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'I drink more than 5 liters of water a day': How Indians survived their biggest heat wave in more than half a century |  Globalism

‘I drink more than 5 liters of water a day’: How Indians survived their biggest heat wave in more than half a century | Globalism

An unprecedented heat wave hits India and PakistanThis caused power outages and water shortages for millions of people. In some regions, thermometers approach 50 degrees Celsius.

The area has been experiencing rising temperatures for weeks. In March, New Delhi’s thermometers registered 40.1°C, a level not seen at this time of year since 1946. On Thursday (28), The Indian capital faced 46 degreesmaking life increasingly difficult for residents, especially for those who have to work outdoors.

I drink more than 5 liters of water per day. “It’s the only thing I can do,” says Mohammed, a 50-year-old laborer, carrying huge pieces of metal on his shoulders under the scorching midday sun. “I have to work for a living,” he sums up, remembering that he lives in Construction site.” “I sleep here. At least we have a fan,” he tries to console himself.

Mohammed works in one of the most prestigious neighborhoods in the capital, which is witnessing an acceleration in the construction sector. But business is already beginning to suffer the impact of rising temperatures.

An excavator tries to naturally contain the heat-generated fire in the Indian capital, New Delhi (Photo: Adnan Abedi/Reuters)

“In the past few days, some workers left because they suffered a lot from the heat,” says the foreman, Mohamed Yassin. “Those who remain are forced to stop several times a day to rest, which delays construction,” he comments.

The heat wave occurs in the middle of Ramadan, the traditional Muslim fast, which ends this weekend. Those who respect this practice go without food from sunrise to sunset, which makes working conditions more difficult. Islam is followed by more than 200 million people in India.

In the north of the capital, a garbage dump caught fire on Thursday, and according to local authorities, the fire was caused by high temperatures. It took firefighters hours to control the flames, making the city’s air quality more breathable.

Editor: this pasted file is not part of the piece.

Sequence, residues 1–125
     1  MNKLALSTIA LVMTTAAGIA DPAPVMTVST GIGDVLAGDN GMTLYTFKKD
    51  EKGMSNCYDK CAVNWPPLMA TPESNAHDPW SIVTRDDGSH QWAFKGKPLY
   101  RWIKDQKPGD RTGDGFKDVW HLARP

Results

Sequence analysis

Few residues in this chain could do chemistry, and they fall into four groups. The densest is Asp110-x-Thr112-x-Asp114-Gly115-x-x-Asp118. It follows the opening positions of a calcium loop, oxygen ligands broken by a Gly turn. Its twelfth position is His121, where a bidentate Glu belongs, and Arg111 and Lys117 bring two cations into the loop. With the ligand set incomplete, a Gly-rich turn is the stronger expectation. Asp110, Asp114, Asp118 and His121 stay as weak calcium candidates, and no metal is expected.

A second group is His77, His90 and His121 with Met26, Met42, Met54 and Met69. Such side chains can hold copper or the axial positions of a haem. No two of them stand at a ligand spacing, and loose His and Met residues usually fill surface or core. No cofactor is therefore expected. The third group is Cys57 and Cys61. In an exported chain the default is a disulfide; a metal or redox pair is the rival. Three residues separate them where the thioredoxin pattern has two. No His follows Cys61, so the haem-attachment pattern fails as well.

Three more fires broke out in less than a month in Gazipur, the capital’s largest landfill, 65 meters high. The city of more than 20 million people lacks modern infrastructure to process the 12,000 tons of waste it produces every day.

A man breaks an ice cube to distribute it to residents of Ahmedabad, India (Photo: Amit Dev/Reuters .)

Heat waves have killed more than 6500 people in India since 2010. Scientists say that due to climate change, they are becoming more frequent, but also more severe. “Heat like the one that hit India earlier this month has only been seen once every 50 years,” says Maryam Zakaria of the Grantham Institute at Imperial College London.

Farming Pakistan in danger

In the Pakistan Temperatures also reach 8 degrees above normal in some areas, reaching 48 degrees in certain areas, according to the Pakistan Meteorological Society.

The heat and lack of rain directly affect the farmers, who will have to manage the water supply in this country where agriculture, the basis of the economy, employs about 40% of the total workforce. “Public health and agriculture in the country will face serious threats from this year’s extreme temperatures,” Sherry Rahman, Minister of Climate Change, sums up.

Pakistanis trying to relax in a lake during a hot day – Photo: Akhtar Soomro/Reuters

High temperatures also cause an explosion in electricity consumption. Several cities in Pakistan It already suffered a blackout of up to eight hours. Coal has also begun to run out of power plants to power their activities. According to Pakistan Energy Minister Khurram Dastgir Khan, the electricity crisis is already affecting the entire country.

In Rajasthan, in northwest India, and the neighboring state of Gujarat, but also in Andhra Pradesh, in the south, power has been cut off to factories to reduce consumption. According to local media, major power plants are also facing coal shortages.

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